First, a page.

While the present paper will give a short synopsis of the known facts about the spread and characteristics of Conficker, it will not explore the technical details of the infection and propagation of Conficker in depth, neither will it analyse all the countermeasures used. There is excellent research available about the Conficker malware, which we recommend to those interested in a closer acquaintance with the subject; also, the Conficker Working Group, as well as some of its individual parties, has documented the mitigation effort in detail. A list of recommended reading can be found at the end of this paper.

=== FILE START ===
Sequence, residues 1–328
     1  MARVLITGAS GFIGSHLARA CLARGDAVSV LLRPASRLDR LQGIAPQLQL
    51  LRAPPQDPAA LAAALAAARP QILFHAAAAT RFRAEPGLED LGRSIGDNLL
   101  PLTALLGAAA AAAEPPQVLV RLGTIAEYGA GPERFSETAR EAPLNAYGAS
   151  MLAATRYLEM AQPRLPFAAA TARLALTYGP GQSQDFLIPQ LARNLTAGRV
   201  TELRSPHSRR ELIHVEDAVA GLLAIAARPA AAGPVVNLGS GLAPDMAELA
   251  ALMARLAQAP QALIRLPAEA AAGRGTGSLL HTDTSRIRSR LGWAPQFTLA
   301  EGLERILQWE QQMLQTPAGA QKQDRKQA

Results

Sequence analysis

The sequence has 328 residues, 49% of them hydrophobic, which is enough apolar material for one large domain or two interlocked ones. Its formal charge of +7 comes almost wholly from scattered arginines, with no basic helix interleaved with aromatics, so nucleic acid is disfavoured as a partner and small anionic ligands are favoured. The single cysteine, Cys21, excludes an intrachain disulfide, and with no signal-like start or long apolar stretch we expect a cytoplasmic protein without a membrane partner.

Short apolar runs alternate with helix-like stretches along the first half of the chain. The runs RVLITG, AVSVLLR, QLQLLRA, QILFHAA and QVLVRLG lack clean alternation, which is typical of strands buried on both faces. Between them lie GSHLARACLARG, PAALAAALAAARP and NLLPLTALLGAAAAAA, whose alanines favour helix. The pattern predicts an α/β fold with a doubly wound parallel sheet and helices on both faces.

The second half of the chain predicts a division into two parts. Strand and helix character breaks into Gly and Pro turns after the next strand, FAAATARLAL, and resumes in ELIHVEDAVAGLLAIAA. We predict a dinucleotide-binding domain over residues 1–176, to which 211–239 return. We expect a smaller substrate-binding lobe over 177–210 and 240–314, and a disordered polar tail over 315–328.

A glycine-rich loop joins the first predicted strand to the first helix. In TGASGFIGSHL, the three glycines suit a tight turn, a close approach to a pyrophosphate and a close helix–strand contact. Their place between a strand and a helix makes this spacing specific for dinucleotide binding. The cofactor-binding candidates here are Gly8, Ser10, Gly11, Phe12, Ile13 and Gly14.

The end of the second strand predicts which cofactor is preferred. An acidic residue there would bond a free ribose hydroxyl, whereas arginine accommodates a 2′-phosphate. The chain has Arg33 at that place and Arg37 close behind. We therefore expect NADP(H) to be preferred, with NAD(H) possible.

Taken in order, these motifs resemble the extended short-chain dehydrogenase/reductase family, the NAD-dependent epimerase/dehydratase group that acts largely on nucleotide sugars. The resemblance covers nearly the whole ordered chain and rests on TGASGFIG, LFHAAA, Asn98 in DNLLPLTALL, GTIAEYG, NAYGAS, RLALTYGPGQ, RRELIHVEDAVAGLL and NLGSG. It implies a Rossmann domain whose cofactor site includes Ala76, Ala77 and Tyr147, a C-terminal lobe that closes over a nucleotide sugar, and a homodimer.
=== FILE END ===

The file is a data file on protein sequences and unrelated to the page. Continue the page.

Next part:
The focuses of this paper are the legal and legal policy implications related to the creation, distribution and operation of the Conficker malware, as well as the legal implications related to the technical, procedural and organisational mitigation measures taken in response to the incident. Given the persisting uncertainty about the identity and intent of the author of Conficker, as well as the global spread of the malware and the fact that incident response involved a number of bodies in more than a hundred countries, it is inevitable that, instead of a comprehensive legal analysis, a choice needs to be made about the issues that a paper like this can tackle. Also, there is too little factual information available to offer definite legal assessments. However, some issues raised by Conficker either appear as novel developments in cyber security, or verify a trend of a presence of legal obstacles in responding to large-scale cyber incidents. For this reason, this paper focuses on three main topics: the preparedness of substantive criminal law to address sophisticated and large-scale cyber attacks, the registration of domain names as a method of cyber defence, and private and public sector collaboration.